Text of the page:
- 26. Some inverse functions may be solved algebraically from f(x). To do this, solve the equation y = f(x) for the variable x in terms of y, the solution is x = f–1(y). The Inverse Trigonometric Functions
- 27. Some inverse functions may be solved algebraically from f(x). To do this, solve the equation y = f(x) for the variable x in terms of y, the solution is x = f–1(y). However, in general it’s not possible to solve algebraically for f–1(x). The Inverse Trigonometric Functions
- 28. Some inverse functions may be solved algebraically from f(x). To do this, solve the equation y = f(x) for the variable x in terms of y, the solution is x = f–1(y). However, in general it’s not possible to solve algebraically for f–1(x). Example B. Solve for f–1(x) given that f(x) = 2x + 1. The Inverse Trigonometric Functions
- 29. Some inverse functions may be solved algebraically from f(x). To do this, solve the equation y = f(x) for the variable x in terms of y, the solution is x = f–1(y). However, in general it’s not possible to solve algebraically for f–1(x). Example B. Solve for f–1(x) given that f(x) = 2x + 1. The Inverse Trigonometric Functions Set y = f(x) = 2x + 1 and solve for x,
- 30. Some inverse functions may be solved algebraically from f(x). To do this, solve the equation y = f(x) for the variable x in terms of y, the solution is x = f–1(y). However, in general it’s not possible to solve algebraically for f–1(x). Example B. Solve for f–1(x) given that f(x) = 2x + 1. The Inverse Trigonometric Functions Set y = f(x) = 2x + 1 and solve for x, we get x = (y – 1)/2 = f–1(y)
- 31. Some inverse functions may be solved algebraically from f(x). To do this, solve the equation y = f(x) for the variable x in terms of y, the solution is x = f–1(y). However, in general it’s not possible to solve algebraically for f–1(x). Example B. Solve for f–1(x) given that f(x) = 2x + 1. The Inverse Trigonometric Functions Set y = f(x) = 2x + 1 and solve for x, we get x = (y – 1)/2 = f–1(y) Switch to the variable x, we’ve f–1(x) = (x – 1)/2.
- 32. Some inverse functions may be solved algebraically from f(x). To do this, solve the equation y = f(x) for the variable x in terms of y, the solution is x = f–1(y). However, in general it’s not possible to solve algebraically for f–1(x). Example B. Solve for f–1(x) given that f(x) = 2x + 1. The Inverse Trigonometric Functions Set y = f(x) = 2x + 1 and solve for x, we get x = (y – 1)/2 = f–1(y) Switch to the variable x, we’ve f–1(x) = (x – 1)/2. If a function f with domain A is not 1–1, we may downsize the domain A so that f is 1–1 in the new domain.
- 33. Some inverse functions may be solved algebraically from f(x). To do this, solve the equation y = f(x) for the variable x in terms of y, the solution is x = f–1(y). However, in general it’s not possible to solve algebraically for f–1(x). Example B. Solve for f–1(x) given that f(x) = 2x + 1. The Inverse Trigonometric Functions Set y = f(x) = 2x + 1 and solve for x, we get x = (y – 1)/2 = f–1(y) Switch to the variable x, we’ve f–1(x) = (x – 1)/2. If a function f with domain A is not 1–1, we may downsize the domain A so that f is 1–1 in the new domain. We then may talk about f and f–1 in relation to this new domain.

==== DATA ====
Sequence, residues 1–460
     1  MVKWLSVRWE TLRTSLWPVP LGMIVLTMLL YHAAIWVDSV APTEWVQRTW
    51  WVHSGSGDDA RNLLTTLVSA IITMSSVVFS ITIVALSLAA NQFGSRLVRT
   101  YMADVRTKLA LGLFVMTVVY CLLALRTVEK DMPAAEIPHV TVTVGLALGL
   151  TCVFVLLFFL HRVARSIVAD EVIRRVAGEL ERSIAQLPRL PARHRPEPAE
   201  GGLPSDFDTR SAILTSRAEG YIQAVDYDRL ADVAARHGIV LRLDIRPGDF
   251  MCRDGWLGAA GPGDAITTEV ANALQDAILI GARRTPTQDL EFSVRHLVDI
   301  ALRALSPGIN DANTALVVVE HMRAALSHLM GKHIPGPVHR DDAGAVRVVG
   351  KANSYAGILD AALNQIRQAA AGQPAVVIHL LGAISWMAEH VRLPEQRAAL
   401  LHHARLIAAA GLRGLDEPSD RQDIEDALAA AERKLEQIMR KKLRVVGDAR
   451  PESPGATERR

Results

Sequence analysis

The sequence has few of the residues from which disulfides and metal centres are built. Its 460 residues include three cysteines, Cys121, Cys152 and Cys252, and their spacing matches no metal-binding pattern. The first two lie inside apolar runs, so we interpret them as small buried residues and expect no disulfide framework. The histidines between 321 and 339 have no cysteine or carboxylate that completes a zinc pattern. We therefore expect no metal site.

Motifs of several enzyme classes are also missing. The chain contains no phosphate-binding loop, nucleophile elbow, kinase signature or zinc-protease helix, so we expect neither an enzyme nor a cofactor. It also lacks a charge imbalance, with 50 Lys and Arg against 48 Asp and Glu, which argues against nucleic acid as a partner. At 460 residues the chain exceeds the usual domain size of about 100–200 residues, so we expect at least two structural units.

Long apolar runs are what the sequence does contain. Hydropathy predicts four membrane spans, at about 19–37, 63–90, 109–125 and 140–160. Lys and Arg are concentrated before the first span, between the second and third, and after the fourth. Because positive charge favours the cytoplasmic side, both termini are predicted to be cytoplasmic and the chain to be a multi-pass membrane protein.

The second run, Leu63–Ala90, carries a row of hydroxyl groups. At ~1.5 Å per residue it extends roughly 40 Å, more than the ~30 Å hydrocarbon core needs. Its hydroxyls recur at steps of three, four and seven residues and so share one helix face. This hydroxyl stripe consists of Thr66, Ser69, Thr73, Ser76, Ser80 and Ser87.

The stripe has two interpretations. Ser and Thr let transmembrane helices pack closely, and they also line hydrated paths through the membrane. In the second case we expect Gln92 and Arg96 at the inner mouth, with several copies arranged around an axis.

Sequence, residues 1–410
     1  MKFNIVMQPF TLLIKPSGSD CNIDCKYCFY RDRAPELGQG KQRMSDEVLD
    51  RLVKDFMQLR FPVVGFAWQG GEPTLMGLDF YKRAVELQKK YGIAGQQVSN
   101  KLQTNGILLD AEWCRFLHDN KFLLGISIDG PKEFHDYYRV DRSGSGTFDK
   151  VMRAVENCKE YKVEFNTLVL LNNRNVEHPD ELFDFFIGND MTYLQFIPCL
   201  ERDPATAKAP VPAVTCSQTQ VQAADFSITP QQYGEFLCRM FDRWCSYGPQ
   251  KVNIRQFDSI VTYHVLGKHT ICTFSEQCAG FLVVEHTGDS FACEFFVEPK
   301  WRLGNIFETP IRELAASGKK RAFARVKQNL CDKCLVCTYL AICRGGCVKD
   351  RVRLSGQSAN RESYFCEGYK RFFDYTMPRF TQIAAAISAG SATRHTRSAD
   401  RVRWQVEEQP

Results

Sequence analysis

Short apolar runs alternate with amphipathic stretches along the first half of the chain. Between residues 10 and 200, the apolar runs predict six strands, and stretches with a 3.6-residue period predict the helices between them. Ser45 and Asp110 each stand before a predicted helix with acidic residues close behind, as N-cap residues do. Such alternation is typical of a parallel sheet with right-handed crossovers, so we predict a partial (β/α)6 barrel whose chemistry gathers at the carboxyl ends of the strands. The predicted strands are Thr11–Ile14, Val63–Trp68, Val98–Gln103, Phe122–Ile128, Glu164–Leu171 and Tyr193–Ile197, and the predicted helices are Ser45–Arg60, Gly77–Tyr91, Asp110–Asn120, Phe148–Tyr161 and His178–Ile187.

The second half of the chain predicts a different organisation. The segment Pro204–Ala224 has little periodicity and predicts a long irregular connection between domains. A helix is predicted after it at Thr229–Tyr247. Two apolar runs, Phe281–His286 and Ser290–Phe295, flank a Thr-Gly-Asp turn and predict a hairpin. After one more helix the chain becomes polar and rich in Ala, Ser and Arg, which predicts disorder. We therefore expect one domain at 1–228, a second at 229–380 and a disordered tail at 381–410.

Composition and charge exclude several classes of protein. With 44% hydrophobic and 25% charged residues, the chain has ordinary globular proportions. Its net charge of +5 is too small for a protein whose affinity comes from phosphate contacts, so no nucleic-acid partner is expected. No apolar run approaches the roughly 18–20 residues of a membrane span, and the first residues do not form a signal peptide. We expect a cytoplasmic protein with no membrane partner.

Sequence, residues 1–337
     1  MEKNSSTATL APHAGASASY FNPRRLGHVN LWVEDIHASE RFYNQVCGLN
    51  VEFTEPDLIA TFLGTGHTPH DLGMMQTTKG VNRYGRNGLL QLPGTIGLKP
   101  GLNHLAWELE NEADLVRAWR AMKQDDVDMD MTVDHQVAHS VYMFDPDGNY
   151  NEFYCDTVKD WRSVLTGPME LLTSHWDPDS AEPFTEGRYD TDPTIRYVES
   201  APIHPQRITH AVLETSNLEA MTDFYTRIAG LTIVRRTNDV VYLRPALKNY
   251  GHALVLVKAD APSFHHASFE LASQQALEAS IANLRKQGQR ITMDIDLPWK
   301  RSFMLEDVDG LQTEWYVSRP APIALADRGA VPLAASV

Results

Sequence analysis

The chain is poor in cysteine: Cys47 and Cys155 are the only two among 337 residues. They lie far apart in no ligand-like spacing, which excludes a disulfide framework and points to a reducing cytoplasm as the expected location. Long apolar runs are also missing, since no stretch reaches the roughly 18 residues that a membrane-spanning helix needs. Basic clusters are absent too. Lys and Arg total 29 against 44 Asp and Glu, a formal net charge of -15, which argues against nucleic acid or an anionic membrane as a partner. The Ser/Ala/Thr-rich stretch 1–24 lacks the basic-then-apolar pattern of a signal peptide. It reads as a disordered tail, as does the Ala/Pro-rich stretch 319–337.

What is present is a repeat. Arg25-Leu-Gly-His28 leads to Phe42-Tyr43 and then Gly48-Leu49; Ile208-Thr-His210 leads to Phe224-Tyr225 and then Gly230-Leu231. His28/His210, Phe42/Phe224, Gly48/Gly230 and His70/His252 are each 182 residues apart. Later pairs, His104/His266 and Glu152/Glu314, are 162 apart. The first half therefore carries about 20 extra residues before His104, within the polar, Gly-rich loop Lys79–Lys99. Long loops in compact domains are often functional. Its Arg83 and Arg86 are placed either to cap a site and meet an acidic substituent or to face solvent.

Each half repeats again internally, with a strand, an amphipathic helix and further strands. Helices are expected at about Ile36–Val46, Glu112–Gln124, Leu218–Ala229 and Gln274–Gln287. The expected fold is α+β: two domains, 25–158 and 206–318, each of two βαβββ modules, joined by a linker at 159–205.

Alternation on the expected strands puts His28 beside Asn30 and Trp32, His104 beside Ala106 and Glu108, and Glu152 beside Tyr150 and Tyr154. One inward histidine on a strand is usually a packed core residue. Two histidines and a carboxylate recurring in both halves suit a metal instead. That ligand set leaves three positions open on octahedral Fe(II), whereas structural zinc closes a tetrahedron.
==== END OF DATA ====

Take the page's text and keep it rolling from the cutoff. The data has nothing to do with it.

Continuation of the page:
- 34. There is no inverse for x2 with the set of all real numbers R as the domain because x2 is not a 1–1 function over R. The Inverse Trigonometric Functions
- 35. There is no inverse for x2 with the set of all real numbers R as the domain because x2 is not a 1–1 function over R. However, if we set the domain to be A = {x ≥ 0} (non–negative numbers) then the function g(x) = x2 is a 1–1 function with the range B = {y ≥ 0}. The Inverse Trigonometric Functions
- 36. There is no inverse for x2 with the set of all real numbers R as the domain because x2 is not a 1–1 function over R. However, if we set the domain to be A = {x ≥ 0} (non–negative numbers) then the function g(x) = x2 is a 1–1 function with the range B = {y ≥ 0}. The Inverse Trigonometric Functions Hence g–1 exists.
- 37. There is no inverse for x2 with the set of all real numbers R as the domain because x2 is not a 1–1 function over R. However, if we set the domain to be A = {x ≥ 0} (non–negative numbers) then the function g(x) = x2 is a 1–1 function with the range B = {y ≥ 0}. The Inverse Trigonometric Functions Hence g–1 exists. To find it, set y = g(x) = x2,
- 38. There is no inverse for x2 with the set of all real numbers R as the domain because x2 is not a 1–1 function over R. However, if we set the domain to be A = {x ≥ 0} (non–negative numbers) then the function g(x) = x2 is a 1–1 function with the range B = {y ≥ 0}. The Inverse Trigonometric Functions Hence g–1 exists. To find it, set y = g(x) = x2, solve for x we’ve x = ±√y.